If I become angry today, I’ll pause and think before I say anything, remembering that my anger can turn back upon me and worsen my difficulties,.  I’ll try  to remember, too, that  well-timed silence can give me command of a stressful situation as angry reproaches never can.  In such moments of stress, I’ll remember that my power over others ins nonexistent, and  that only God is all-powerful.  Have I learned that I alone can destroy my own peace of mind?

Today I Pray

May I learn that I can choose how to handle my anger — in silence or a tantrum, a rage, a fist fight , a pillow fight, a tirade, and elaborate plan to “get back at” whoever caused it, an icy glare, a cool pronouncement of hate — or a simple statement of fact, “I am angry at you because ______” (in 25 words or less).  Or may I , if need be, turn my anger into energy and shovel the walk, bowl or play a game of tennis, or clean the house.   I pray that God will show me appropriate ways to deal with my anger.

Today I Will Remember

“I am angry because..”


One More Day
February 17

Grace is the absence of everything that indicates pain or difficulty, hesitation or incongruity.
–  William Hazlitt

It seems that, when we think of our lives are back on course, another obstacle appears and we stumble.  In the case of physical illness, symptoms or pain may worsen or new problems may crop up.  Other circumstances can make our stress level rise as well, until it feels as though we just can’t carry the burden anymore.

Adjustments can be very difficult.  With new symptoms we may feel that illness is chipping away, one tiny piece at a time, at our independence.  It’s difficult to be gracious with so many complications going on.  Yet this is the time to be gracious — to ourselves and to those around us.

If I have ever needed to reach into my innermost being to find peace and contentment, it is now.  I dislike what has happened to my body, but I can continue to be a gracious person.


One Day At A Time
February 17

They always say time changes things, but you actually have to change them yourself.
–Andy Warhol

Time changes things – but what things? Can I wait for time to change those ways of coping that don’t serve me anymore? Can I wait for time to make me abstinent?

Yes, time will change things, but chances are that these will be the changes: my coping mechanisms will become even more entrenched and my eating even more destructive. I don’t really want to wait for that kind of change. When I joined OA, I started a new trend. I asked for the wisdom to understand which things I can change and then, armed with the tools of the program, I set about following my new trend of eating healthy and living a life where I don’t sit around waiting.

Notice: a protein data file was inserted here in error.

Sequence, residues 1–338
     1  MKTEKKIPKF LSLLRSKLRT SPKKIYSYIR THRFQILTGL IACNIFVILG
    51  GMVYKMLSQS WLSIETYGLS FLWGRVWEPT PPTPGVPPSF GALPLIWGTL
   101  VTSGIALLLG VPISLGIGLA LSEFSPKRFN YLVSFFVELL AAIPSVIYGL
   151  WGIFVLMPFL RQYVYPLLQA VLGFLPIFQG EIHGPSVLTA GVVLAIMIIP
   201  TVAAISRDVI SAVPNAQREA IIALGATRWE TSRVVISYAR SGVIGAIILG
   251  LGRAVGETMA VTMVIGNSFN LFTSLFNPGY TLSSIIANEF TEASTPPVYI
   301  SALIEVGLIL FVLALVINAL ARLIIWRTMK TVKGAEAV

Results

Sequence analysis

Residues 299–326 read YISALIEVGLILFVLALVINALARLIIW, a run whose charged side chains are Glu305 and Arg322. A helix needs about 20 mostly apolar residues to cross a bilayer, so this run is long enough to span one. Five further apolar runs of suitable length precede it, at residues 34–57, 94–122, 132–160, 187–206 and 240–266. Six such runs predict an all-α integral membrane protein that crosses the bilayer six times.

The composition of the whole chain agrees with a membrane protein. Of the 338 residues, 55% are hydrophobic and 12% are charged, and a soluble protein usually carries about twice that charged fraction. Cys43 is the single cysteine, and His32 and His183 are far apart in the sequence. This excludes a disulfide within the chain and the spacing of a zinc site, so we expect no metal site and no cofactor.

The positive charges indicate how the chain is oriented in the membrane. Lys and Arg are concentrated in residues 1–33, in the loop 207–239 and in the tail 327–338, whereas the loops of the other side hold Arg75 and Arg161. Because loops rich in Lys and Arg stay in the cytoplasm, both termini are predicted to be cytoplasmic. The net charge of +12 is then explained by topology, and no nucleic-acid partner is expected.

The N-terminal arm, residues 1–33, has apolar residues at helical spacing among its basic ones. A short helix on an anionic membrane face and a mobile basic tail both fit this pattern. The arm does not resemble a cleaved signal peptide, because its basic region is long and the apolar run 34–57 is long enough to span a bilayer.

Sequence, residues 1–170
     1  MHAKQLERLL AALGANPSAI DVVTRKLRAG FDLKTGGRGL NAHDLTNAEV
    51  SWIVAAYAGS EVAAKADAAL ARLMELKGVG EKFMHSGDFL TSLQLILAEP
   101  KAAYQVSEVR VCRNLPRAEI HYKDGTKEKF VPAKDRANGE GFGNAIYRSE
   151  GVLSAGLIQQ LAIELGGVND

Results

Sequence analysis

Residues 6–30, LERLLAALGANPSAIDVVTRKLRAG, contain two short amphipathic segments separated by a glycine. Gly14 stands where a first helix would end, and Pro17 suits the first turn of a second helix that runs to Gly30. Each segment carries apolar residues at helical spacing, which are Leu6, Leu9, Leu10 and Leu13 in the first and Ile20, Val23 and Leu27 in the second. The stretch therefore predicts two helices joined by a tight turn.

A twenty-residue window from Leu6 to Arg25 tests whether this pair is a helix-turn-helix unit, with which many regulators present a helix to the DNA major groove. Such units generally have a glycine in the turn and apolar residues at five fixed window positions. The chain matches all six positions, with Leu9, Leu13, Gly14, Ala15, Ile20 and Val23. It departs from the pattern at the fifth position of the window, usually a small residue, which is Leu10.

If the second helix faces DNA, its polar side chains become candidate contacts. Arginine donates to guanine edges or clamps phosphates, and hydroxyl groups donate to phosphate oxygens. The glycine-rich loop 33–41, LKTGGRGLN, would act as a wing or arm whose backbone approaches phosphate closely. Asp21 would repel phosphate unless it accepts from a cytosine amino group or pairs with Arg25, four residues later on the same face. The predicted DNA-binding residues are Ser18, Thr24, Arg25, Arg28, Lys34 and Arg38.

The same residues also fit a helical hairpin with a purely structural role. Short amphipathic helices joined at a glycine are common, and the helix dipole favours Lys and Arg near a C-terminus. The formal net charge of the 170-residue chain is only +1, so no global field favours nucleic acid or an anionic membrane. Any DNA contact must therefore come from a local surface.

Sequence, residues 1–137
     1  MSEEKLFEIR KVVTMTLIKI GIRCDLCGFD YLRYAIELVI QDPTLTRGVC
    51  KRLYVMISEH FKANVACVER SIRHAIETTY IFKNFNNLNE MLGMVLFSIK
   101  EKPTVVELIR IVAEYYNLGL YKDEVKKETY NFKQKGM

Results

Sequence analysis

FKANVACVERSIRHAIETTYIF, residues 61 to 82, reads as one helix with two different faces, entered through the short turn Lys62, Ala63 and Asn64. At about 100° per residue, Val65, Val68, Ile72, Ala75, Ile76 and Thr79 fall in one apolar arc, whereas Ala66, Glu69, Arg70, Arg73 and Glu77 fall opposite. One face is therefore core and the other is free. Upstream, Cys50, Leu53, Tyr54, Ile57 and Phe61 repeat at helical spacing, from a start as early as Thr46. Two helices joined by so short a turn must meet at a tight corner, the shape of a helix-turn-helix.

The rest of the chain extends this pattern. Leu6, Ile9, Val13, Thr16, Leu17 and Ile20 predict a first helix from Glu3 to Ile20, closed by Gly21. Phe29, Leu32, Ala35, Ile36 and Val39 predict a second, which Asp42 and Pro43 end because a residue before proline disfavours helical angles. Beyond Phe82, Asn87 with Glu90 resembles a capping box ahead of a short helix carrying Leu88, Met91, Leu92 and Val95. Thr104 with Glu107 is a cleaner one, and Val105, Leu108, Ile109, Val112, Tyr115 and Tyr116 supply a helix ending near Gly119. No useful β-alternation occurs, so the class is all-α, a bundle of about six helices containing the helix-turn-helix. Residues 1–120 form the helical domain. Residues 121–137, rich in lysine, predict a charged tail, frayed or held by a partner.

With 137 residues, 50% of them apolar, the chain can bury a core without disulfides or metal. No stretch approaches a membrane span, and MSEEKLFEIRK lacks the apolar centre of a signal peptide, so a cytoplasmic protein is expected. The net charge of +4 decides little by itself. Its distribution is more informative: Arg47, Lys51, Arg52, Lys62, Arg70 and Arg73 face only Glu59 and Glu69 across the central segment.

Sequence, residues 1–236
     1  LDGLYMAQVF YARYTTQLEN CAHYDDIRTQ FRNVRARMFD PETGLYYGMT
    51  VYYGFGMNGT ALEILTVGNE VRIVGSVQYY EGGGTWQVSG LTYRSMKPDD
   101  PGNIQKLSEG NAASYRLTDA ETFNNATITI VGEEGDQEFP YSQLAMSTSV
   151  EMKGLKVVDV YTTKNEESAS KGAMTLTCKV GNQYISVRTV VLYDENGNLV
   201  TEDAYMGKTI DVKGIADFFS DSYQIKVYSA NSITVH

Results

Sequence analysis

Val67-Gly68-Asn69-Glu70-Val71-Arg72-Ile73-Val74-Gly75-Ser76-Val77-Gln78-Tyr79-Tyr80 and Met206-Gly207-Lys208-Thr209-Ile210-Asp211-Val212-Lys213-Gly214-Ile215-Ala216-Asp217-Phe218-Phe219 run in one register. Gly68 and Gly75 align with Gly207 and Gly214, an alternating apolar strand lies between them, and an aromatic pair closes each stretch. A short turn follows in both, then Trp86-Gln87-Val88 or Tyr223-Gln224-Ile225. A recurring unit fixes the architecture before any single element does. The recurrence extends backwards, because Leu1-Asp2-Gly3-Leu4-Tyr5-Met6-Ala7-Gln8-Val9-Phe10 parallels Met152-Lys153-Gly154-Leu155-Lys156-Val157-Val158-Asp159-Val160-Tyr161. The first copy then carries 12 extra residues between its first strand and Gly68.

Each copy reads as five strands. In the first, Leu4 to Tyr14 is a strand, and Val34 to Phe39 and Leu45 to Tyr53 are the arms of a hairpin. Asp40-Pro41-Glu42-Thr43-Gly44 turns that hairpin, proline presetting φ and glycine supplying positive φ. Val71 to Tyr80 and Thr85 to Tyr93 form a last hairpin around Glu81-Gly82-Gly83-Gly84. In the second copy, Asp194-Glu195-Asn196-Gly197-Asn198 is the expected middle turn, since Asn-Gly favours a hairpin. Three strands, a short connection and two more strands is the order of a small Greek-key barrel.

I will not wait idly for things to get better. I will ask my Higher Power to guide me to make necessary changes.

One Day at a Time . . .
I will not wait idly for things to get better. I will ask my Higher Power to guide me to make necessary changes.

~ Isabella M. ~


Elder’s Meditation of the Day February 17

“Silence and self-control permeate the entirety of our lives.”
–Larry P. Aitken, CHIPPEWA

The Creator gave us all the Red Road and on this Red Road we are required to think and act in a spiritual way. To make sure I conduct myself according to the Red Road, I must make sure I develop my self discipline. Self control works best when we pray for the courage and power to do the will of the Great Spirit. We are here on the earth to do the will of the Great Spirit. Sometimes, we must battle ourselves to do this.

Great Spirit, help me to have my self- control guided by spiritual ways.


Journey to the Heart
February 17
Who Empowers You?

Most of us need people around us who empower and help us feel able, on track, in balance, hopeful. We need people who tell us we can. Even if they don’t use words, they believe in us and that belief comes shining through. We look at them and what we see reflected back is our own power.

But sometimes we run into those who, instead, try to convince us of their power, convince us that they have our answers, that we need them to be able to see clearly, that without them, we won’t be able to find the way. They don’t believe in us, they only believe in themselves. That’s not empowerment. That’s an approach destined to create dependency, often unhealthy dependency.

Cultivate relationships with people who make you feel like you can, who help you know that you’re on track, right where you need to be. Spend time with people who help you know that you can trust yourself.

Seek out people who empower you. Learn to empower those you love. And during those times when no one’s around, know that you can empower yourself.


Today’s Gift
February 17

There is glory in a great mistake.
—Nathalia Crane

Once there was a big girl who liked to play with little kids and their toys. One day she rode one of their small bikes and her foot slipped off the little pedal and her leg got caught and dragged along the sidewalk.

She went home, limping and howling. Her mother put ice on the terrible scrape. The next day, the girl’s mother told her she was too big for the little kids’ toys. The girl looked up defiantly and said, “I can TOO ride that baby bike.”

The girl’s mother didn’t say anything else. She knew people must be free to make mistakes. We cannot protect another person from the experiences of the world. It would be harmful to both of us to try.

What mistakes have I made more than once before I learned my lesson?


The Language of Letting Go
February 17

Our basic recovery concept that never loses its power to work miracles is the concept called acceptance.

We do not achieve acceptance in a moment. We often have to work through a mirage of feelings – sometimes anger, outrage, shame, self-pity, or sadness. But if acceptance is our goal, we will achieve it.